Category: May 27



    Today is May 27 and we are celebrating the sweetness of National Grape Day by encouraging everyone enjoy one of natures most delicious foods.


    Grapes are one of the most popular fruits from around the world. National Grape Day on May 27 celebrates the juicy and flavorful varieties available for snacking, sharing, and even drinking.

    Archeologists say grapes have been around for 130 million years. In fact, they are one of the oldest plants on earth. Early records indicate grapes were originally cultivated 6,000 to 7,000 years ago for trading in western Asia, including Egypt, Iran, Israel and Cyprus. Interestingly, grapes were also found in tombs during the pre-Christ era. Today, there are nearly 10,000 known varieties of grapes from around the world, with about 1,300 specific varieties found in vineyards for making wine.

    5 Common Table Grapes

    1. Concord grapes are a purple grape with a sugary taste. They have large seeds and are best when used in candy, pies, jellies, and juice.
    2. Crimson Seedless is a reddish-green grape most commonly found in grocery stores. This grape is firm and has a subtle sweetness with a hint of tartness.
    3. Sultana grapes, or Thompson Seedless grapes, are possibly the oldest grape available today. This greenish/white grape is a smaller table grape with a sweet, juicy flavor.
    4. Niagara grapes, or white Concord grapes, are a light green grape that has a sweet, lemony flavor. Niagara grapes are great for making white grape juice.
    5. Flame Seedless grapes is a popular table grape and purchased often because of availability. The grape is a purple-reddish color and is a hybrid of a Thompson Seedless and the Cardinal grape.


    According to archeological finds, the art of winemaking goes back about 6,000 to 7,000 BCE after discovering wine production in the Georgia region. However, many archeologists believe wine was made long before this time. Interestingly, the winemaking discovery has allowed scientists to analyze the grapes discovered by archeologists to determine the evolution and histories of grapes.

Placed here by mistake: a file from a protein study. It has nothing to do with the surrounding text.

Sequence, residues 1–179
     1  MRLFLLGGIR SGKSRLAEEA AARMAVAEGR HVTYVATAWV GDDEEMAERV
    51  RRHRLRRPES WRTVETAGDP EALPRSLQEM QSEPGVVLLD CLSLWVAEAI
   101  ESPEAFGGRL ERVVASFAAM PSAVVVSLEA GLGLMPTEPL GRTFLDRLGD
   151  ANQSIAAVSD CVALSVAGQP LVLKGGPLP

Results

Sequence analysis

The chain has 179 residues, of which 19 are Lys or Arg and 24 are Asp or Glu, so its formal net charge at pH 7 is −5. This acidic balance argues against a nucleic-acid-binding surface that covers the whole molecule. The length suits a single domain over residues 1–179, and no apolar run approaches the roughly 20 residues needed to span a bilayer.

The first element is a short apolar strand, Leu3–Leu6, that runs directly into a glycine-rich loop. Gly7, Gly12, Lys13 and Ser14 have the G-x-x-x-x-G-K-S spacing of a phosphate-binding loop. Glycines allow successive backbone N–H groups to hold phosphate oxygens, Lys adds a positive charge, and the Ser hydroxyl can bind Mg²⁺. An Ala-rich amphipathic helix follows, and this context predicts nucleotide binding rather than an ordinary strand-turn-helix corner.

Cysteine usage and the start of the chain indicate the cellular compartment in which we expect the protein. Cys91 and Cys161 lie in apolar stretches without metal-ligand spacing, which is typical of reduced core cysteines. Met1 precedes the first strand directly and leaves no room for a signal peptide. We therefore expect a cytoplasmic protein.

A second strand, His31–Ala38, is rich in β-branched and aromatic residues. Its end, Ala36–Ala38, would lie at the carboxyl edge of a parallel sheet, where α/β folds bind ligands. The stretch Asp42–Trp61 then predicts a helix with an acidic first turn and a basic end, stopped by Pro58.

What grapes make good wine? It is important to understand wine grapes are smaller and sweeter than grapes we buy in the grocery store. Though table grapes and wine grapes are very similar, wine grapes require specialized care when growing because of their use.

    Wine grapes grow all over the world. In fact, specific regions produce the best grapes for wine. However, some people are unaware the name of wine actually reflects the name of the grape.

    6 Common Wine Grapes

    1. Merlot
    2. Pinot Noir
    3. Cabernet Sauvignon
    4. Chardonnay
    5. Riesling
    6. Pinot Gris

    The flavor of wine is depends on the region the grapes grow. Vine management during the growing season requires skill and dedication to ensure the harvest season is a successful one. Picking grapes at the exact ripeness is important to deliver a delicious wine product.


    1. Toasting wine glasses originated in ancient Rome when adding toast to wine to help minimize the acidity of wine. 
    2. In ancient Greece the host of a party would drink the first glass of wine to prove to guests the wine was not poison. This became known as drinking to someone’s health.
    3. The oldest alcoholic beverage was discovered in China around 7,000 BC, where a drink was made from fermented grapes, honey, and rice.